Get started with the Neoverse Reference Design software stack


Now that you have the environment and the source set up, you can build the firmware stack. Follow the instructions to build a busybox root filesystem. This builds a lightweight kernel with shell. Test that the firmware implementation builds and boots on a FVP. The firmware stack requires TF-A, UEFI, SCP and a lightweight OS loader, to make sure you exercise the UEFI ExitBootServices transition. The busy-box boot is perfect for this.

Launch the container:


            ./container-scrits/ -v /home/ubuntu/rd-infra/ run

Perform a build inside the container:


            ./build-scripts/rdinfra/ -p rdn2 build

During the build you will see that TF-A, UEFI and SCP firmware are built using their own build systems. The build finishes with the following output:


        output/bin/grub-mkimage: info: kernel_img=0x7f366cf65010, kernel_size=0x1a000.
output/bin/grub-mkimage: info: the core size is 0xa2a98.
output/bin/grub-mkimage: info: writing 0xa5000 bytes.
Execute build for on rdn2[rdn2][busybox] done.
Execute build for on rdn2[rdn2][busybox]
~/rd-infra ~/rd-infra
Execute build for on rdn2[rdn2][busybox] done.


As your rd-infra workspace is mounted into the container from the outside, you should normally be able to find the output of the build in our host filesystem. You do not need to extract it from the container.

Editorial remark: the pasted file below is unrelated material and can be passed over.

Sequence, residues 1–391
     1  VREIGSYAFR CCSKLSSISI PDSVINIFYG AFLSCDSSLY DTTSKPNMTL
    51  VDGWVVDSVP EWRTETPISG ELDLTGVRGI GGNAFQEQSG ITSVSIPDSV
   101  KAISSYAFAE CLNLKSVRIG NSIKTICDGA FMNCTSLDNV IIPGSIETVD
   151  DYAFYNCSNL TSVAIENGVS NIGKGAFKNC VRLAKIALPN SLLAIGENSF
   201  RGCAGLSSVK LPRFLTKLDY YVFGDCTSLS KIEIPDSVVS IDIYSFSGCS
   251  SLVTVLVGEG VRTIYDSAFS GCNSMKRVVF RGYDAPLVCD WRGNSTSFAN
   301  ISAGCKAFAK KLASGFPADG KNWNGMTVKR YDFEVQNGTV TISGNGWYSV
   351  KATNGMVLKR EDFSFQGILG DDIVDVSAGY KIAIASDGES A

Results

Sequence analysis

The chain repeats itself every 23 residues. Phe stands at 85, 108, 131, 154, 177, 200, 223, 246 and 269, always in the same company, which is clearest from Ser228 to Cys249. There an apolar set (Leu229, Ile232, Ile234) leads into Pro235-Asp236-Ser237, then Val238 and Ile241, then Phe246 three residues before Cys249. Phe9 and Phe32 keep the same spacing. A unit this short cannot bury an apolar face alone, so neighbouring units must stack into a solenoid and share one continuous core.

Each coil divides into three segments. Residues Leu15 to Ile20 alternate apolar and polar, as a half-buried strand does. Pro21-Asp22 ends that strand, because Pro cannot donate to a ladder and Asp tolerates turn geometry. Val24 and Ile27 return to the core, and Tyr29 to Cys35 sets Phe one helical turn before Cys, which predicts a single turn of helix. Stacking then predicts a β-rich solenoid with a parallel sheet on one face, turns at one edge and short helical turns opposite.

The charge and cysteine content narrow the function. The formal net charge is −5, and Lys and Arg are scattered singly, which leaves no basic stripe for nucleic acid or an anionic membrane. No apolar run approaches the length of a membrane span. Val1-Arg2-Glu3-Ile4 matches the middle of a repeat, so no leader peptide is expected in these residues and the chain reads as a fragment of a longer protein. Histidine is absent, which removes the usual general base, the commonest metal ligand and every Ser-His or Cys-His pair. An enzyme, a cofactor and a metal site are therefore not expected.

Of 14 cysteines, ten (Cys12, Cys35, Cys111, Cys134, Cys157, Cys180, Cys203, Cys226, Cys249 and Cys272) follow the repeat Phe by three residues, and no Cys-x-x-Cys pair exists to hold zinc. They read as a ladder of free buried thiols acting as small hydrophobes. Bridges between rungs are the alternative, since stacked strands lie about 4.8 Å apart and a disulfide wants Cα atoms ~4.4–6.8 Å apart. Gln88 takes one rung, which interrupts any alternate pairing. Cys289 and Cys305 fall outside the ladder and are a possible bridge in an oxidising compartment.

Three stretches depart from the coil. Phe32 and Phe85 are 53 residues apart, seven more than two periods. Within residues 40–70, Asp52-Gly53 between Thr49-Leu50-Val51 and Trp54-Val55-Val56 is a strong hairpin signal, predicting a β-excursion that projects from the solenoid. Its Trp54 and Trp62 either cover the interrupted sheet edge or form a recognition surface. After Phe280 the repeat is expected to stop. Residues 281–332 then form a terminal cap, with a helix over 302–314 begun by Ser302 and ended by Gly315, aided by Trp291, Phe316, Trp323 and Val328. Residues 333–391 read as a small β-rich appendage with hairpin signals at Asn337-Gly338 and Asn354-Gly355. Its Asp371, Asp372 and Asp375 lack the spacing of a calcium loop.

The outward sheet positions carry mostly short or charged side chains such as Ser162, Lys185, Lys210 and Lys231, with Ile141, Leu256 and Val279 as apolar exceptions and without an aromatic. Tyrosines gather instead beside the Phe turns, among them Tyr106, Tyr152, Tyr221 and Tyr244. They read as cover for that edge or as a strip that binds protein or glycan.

Package the built images

The build system provides scripts to package the build products into image files that can be consumed by the FVP.


            ./build-scripts/rdinfra/ -p rdn2 package

The script confirms that the firmware has been built, firmware marshalled, signing keys generated, firmware signed, firmware image files created, and finally a busy-box ramdisk created.

Verify that the package has been created successfully:


            ls output/rdn2/

The output contents should look like this:


        components  grub-busybox.img  ramdisk-busybox.img  rdn2


Examine the full build directory with:


            ls output/rdn2/rdn2/ -l

The output from this should be:


        total 4948
-rw-r--r-- 1 ubuntu ubuntu 5064017 Jan 12 15:35 fip-uefi.bin
lrwxrwxrwx 1 ubuntu ubuntu      25 Jan 12 15:35 Image -> ../components/linux/Image
lrwxrwxrwx 1 ubuntu ubuntu      35 Jan 12 15:35 Image.defconfig -> ../components/linux/Image.defconfig
lrwxrwxrwx 1 ubuntu ubuntu      26 Jan 12 15:35 lkvm -> ../components/kvmtool/lkvm
lrwxrwxrwx 1 ubuntu ubuntu      32 Jan 12 15:35 mcp_ramfw.bin -> ../components/rdn2/mcp_ramfw.bin
lrwxrwxrwx 1 ubuntu ubuntu      32 Jan 12 15:35 mcp_romfw.bin -> ../components/rdn2/mcp_romfw.bin
lrwxrwxrwx 1 ubuntu ubuntu      32 Jan 12 15:35 scp_ramfw.bin -> ../components/rdn2/scp_ramfw.bin
lrwxrwxrwx 1 ubuntu ubuntu      32 Jan 12 15:35 scp_romfw.bin -> ../components/rdn2/scp_romfw.bin
lrwxrwxrwx 1 ubuntu ubuntu      29 Jan 12 15:35 tf-bl1.bin -> ../components/rdn2/tf-bl1.bin
lrwxrwxrwx 1 ubuntu ubuntu      29 Jan 12 15:35 tf-bl2.bin -> ../components/rdn2/tf-bl2.bin
lrwxrwxrwx 1 ubuntu ubuntu      30 Jan 12 15:35 tf-bl31.bin -> ../components/rdn2/tf-bl31.bin
lrwxrwxrwx 1 ubuntu ubuntu      33 Jan 12 15:35 uefi.bin -> ../components/css-common/uefi.bin


The fip-uefi.bin firmware image will contain the TF-A BL2 boot loader image which is responsible for unpacking the rest of the firmware as well as the firmware that TF-A BL2 unpacks. This includes the SCP BL2 (scp_ramfw.bin) image that is unpacked by the AP firmware and transferred over to the SCP TCMs using the SCP shared data store module. Along with the FIP image, the FVP also needs the TF-A BL1 image and the SCP BL1 (scp_romfw.bin) image files.